Herb: Cabbage

Latin name: Brassica oleracea capitata

Family: Cruciferae

Edible parts of Cabbage:

Leaves - raw or cooked. Cabbages are generally used as a cooked vegetable, though the shredded leaves can also be eaten in salads. Dutch cabbages are generally sweeter and milder in flavour making them more suitable for raw eating. Those leaves in the heart of the plants are more tender than outside leaves and so are also more suitable for eating raw. These heart leaves, though, are less nutritious because they have been excluded from the light. Many people find that the raw leaves give them indigestion. The leaves can be fermented and made into sauerkraut, used as a health food and said to be good for the digestive system. By careful selection of cultivars, it is possible to harvest cabbages all year round. Seeds - sprouted and added to salads. Very good eating.

Description of the plant:


75 cm
(2 feet)

May to

Habitat of the herb:

Not known in the wild.

Other uses of Cabbage:

A blue dye can be obtained from the leaves of purple cultivars.

Propagation of the herb:

Seed - this can be sown from early spring to late summer in a seedbed outdoors, depending on the cultivar. The plants are moved to their final positions when about 7 - 15cm tall. Do not let the seedlings get overcrowded or they will soon become leggy and will not make such good plants. If your seedlings do get leggy, it is possible to plant them rather deeper into the soil - the buried stems will soon form roots and the plant will be better supported. For a summer crop, the seed is sown in early to late spring, autumn maturing cultivars are sown in mid to late-spring and winter maturing cultivars in late spring. Winter to spring maturing cultivars are sown in mid to late summer, these are often sown in situ and thinned as required. Seed of fast-growing summer cabbages can also be sown in a greenhouse in January/February in order to provide an early crop. This is planted out in early to mid-spring as the weather allows and can be harvested in late spring and early summer.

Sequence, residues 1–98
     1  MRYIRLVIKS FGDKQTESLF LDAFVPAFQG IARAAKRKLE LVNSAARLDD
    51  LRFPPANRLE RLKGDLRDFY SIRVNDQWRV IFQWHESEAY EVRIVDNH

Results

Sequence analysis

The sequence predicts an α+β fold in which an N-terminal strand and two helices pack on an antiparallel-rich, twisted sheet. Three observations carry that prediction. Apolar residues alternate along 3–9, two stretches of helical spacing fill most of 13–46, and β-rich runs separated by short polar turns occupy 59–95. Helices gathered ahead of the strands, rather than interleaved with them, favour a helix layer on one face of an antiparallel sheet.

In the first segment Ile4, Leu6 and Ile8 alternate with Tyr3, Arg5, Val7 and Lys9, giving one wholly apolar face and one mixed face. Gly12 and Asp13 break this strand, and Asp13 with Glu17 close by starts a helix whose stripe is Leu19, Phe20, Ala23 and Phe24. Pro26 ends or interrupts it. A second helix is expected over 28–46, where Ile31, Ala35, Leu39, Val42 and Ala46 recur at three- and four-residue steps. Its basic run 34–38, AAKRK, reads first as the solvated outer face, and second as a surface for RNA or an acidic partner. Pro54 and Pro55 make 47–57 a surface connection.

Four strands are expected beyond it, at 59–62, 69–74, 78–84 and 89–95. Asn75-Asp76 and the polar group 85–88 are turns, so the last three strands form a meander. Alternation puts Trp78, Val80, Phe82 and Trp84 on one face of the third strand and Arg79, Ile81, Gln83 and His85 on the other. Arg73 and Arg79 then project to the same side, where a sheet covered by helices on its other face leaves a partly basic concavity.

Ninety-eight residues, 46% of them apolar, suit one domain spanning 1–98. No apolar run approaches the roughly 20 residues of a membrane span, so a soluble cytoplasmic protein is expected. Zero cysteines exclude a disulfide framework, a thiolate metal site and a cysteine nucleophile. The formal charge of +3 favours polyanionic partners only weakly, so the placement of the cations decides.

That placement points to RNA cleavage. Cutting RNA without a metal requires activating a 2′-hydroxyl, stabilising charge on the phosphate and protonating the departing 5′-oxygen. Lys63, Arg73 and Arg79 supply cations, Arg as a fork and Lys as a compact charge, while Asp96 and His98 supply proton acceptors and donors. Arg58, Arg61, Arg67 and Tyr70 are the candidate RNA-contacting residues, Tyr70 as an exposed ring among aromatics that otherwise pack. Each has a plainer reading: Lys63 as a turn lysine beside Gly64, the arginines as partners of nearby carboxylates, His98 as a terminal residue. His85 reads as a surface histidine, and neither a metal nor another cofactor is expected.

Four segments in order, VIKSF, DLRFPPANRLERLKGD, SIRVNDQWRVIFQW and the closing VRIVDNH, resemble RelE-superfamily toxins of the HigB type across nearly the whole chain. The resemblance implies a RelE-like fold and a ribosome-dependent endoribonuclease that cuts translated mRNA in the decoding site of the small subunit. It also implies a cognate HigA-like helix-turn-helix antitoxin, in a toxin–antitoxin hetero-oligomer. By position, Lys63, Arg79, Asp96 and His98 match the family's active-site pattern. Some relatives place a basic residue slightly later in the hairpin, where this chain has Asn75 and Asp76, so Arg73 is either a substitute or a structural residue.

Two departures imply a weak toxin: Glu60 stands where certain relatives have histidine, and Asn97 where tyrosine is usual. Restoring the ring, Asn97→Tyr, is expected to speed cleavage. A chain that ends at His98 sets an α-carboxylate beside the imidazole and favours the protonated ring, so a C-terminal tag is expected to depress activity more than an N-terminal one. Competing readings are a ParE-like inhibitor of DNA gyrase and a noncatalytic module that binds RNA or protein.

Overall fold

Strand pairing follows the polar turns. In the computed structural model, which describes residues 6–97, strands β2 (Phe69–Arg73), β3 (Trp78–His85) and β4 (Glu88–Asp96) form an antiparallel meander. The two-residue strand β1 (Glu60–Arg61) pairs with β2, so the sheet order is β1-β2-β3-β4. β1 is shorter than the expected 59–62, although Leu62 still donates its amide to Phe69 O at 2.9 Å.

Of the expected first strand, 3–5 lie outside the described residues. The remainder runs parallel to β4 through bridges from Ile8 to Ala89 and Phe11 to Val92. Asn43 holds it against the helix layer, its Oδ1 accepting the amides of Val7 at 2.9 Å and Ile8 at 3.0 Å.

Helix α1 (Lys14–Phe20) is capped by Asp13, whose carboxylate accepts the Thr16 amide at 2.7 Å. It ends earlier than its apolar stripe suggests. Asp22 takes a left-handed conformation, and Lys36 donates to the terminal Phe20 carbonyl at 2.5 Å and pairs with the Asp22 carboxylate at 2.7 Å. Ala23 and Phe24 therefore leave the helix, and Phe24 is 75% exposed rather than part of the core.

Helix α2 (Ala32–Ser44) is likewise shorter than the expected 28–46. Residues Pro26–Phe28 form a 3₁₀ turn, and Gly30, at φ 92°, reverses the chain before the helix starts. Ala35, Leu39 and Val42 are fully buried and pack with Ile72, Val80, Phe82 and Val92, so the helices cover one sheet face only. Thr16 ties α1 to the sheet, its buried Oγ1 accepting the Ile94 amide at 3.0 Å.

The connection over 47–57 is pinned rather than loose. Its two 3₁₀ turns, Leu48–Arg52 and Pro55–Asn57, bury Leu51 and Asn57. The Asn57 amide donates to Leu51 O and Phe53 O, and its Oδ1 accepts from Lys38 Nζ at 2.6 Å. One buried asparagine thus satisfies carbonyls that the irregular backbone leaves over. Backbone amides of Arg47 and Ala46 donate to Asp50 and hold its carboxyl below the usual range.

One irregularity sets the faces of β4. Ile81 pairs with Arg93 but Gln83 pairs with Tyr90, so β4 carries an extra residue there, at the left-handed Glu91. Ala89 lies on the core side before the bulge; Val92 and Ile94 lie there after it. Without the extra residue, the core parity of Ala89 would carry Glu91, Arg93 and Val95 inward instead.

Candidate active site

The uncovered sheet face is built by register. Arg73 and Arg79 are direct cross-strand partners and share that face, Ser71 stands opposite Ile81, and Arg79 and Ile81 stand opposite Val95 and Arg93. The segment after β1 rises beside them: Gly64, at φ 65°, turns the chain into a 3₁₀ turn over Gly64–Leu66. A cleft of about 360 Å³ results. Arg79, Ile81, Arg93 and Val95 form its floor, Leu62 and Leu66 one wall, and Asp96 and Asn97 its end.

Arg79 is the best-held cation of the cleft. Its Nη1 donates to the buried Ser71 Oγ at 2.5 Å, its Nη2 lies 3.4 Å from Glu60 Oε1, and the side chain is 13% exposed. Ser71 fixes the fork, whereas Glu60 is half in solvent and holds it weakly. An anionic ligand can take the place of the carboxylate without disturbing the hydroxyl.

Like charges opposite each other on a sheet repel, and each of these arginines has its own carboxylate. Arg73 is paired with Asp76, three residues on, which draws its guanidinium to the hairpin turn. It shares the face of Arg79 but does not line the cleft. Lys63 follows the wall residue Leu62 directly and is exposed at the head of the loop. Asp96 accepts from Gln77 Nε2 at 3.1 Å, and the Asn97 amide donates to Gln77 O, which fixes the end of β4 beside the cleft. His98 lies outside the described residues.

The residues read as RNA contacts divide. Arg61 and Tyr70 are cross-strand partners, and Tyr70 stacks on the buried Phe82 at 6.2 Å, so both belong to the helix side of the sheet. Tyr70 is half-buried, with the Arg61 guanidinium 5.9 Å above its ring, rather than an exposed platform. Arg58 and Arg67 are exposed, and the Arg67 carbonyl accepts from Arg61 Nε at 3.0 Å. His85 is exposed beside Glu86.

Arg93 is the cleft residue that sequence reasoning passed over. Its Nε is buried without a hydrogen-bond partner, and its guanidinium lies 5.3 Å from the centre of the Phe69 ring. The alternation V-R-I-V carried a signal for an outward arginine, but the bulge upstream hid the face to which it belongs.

Cultivation of Cabbage:

Not known in the wild.

Medicinal use of the herb:

None known

Known hazards of Brassica oleracea capitata:

None known

Plant information taken from the Plants For A Future.